Many inhalers have dose counters, telling you how many doses are left. Lots don’t though, particularly relievers (usually blue) and steroid inhalers (usually brown). You may have heard, or come to the conclusion yourself, that you can tell if your inhaler is empty by shaking it or seeing if the spray still comes out. Forgive me if I seem paternalistic but you probably can’t! Metered dose inhalers (spray inhalers) are designed to deliver a set number of doses of medication. After that you will still get a visible spray of propellant but you won’t be getting as much of the active ingredient. Doses “tail off” in an unpredictable way.
There is really only one reliable way to tell if your inhaler is empty. That is to know the number of doses your inhaler contains, and keep a track of how many doses you’ve taken. You could make an educated guess, like my inhaler has 200 doses in and I use 4 doses a day, so my inhaler will last for 50 days.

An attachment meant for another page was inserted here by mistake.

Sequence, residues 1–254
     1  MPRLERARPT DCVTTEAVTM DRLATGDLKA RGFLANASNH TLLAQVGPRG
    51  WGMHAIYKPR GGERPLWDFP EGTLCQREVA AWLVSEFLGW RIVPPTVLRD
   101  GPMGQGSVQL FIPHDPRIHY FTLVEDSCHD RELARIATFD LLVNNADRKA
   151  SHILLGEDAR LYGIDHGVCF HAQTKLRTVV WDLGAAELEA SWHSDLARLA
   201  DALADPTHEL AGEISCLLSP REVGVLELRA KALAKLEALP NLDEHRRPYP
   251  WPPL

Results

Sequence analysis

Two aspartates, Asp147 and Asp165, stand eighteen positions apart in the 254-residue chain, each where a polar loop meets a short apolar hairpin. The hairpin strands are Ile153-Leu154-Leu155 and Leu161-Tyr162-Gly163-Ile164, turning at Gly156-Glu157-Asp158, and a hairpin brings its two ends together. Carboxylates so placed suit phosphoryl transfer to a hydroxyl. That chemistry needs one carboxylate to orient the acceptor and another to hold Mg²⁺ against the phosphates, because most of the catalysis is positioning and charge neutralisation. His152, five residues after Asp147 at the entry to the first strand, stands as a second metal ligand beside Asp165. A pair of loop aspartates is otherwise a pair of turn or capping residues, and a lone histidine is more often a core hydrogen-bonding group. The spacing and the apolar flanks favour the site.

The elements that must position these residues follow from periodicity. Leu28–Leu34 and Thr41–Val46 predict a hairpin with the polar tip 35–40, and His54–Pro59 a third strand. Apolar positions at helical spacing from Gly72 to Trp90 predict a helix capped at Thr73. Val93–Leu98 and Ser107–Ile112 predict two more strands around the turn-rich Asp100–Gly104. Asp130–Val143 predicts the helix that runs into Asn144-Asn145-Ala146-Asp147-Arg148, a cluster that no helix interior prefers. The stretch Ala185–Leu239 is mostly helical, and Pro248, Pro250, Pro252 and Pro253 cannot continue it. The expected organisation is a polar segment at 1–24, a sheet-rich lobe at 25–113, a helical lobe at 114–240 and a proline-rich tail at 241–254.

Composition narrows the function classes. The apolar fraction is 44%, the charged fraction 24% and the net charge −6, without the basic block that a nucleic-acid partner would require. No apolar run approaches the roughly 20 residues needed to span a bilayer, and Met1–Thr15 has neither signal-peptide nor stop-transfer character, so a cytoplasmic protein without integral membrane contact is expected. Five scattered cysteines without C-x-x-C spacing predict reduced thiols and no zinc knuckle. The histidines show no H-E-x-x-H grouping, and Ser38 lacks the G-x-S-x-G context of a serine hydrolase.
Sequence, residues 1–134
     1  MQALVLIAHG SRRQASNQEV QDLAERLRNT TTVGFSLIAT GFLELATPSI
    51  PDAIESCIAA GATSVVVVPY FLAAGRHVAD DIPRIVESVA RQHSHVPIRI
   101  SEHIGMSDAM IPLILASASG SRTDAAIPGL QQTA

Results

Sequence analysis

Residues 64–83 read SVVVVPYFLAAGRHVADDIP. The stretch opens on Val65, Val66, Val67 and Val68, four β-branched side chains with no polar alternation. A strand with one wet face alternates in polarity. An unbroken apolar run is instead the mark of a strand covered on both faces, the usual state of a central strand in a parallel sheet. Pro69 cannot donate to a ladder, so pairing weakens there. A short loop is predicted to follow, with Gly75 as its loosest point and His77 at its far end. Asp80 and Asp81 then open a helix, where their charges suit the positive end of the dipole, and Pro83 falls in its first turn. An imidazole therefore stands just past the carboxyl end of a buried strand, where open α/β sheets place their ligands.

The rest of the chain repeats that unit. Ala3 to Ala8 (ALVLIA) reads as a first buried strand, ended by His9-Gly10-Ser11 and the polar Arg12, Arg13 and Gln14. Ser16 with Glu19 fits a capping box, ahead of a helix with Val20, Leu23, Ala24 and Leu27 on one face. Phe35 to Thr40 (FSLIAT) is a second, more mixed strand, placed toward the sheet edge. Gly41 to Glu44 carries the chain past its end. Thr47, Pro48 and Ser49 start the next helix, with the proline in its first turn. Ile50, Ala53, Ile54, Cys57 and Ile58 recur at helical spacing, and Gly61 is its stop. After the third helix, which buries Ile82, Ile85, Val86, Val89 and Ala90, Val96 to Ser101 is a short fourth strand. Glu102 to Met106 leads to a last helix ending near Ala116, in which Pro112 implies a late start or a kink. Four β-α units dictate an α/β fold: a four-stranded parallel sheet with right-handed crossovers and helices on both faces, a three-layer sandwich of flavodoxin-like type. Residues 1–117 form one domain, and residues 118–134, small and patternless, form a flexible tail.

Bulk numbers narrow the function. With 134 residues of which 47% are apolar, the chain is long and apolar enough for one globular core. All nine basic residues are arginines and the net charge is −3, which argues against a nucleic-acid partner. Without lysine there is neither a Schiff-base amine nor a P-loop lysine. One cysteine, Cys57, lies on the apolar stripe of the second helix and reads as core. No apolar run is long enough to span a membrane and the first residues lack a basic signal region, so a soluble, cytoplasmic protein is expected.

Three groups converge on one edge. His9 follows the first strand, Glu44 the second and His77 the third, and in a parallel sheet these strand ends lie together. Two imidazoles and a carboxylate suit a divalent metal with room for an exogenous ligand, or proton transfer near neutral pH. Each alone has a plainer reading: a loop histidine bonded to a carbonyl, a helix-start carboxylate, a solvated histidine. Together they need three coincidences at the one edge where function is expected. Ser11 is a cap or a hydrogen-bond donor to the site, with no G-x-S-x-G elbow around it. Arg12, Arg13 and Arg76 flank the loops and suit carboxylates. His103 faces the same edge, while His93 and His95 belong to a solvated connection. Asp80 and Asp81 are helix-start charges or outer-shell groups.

There is one other trick, that you might want to use, but bare in mind it ONLY WORKS FOR VENTOLIN EVOHALER. It will not work for other sorts of blue inhaler like Salamol or AirSalb. These clever chaps in Switzerland had the idea that you could weigh your inhaler to see how full or empty it is. They found that it worked very well, and validated their results on highly accurate laboratory scales, and on the Ikea Ordnung kitchen scale. Interestingly the cheap kitchen scale worked very well. The table below shows how to interpret the weight. You have to remove the canister from the plastic case by pulling it out in order for the weights to be accurate. Did I mention – it ONLY WORKS FOR VENTOLIN EVOHALER?!
We’ve found this technique very helpful on repspiratory wards where 12% of patients were unknowingly using empty inahalers. We don’t recycle any ventolin inhalers on our respiratory ward without weighing them first to confirm they’re empty.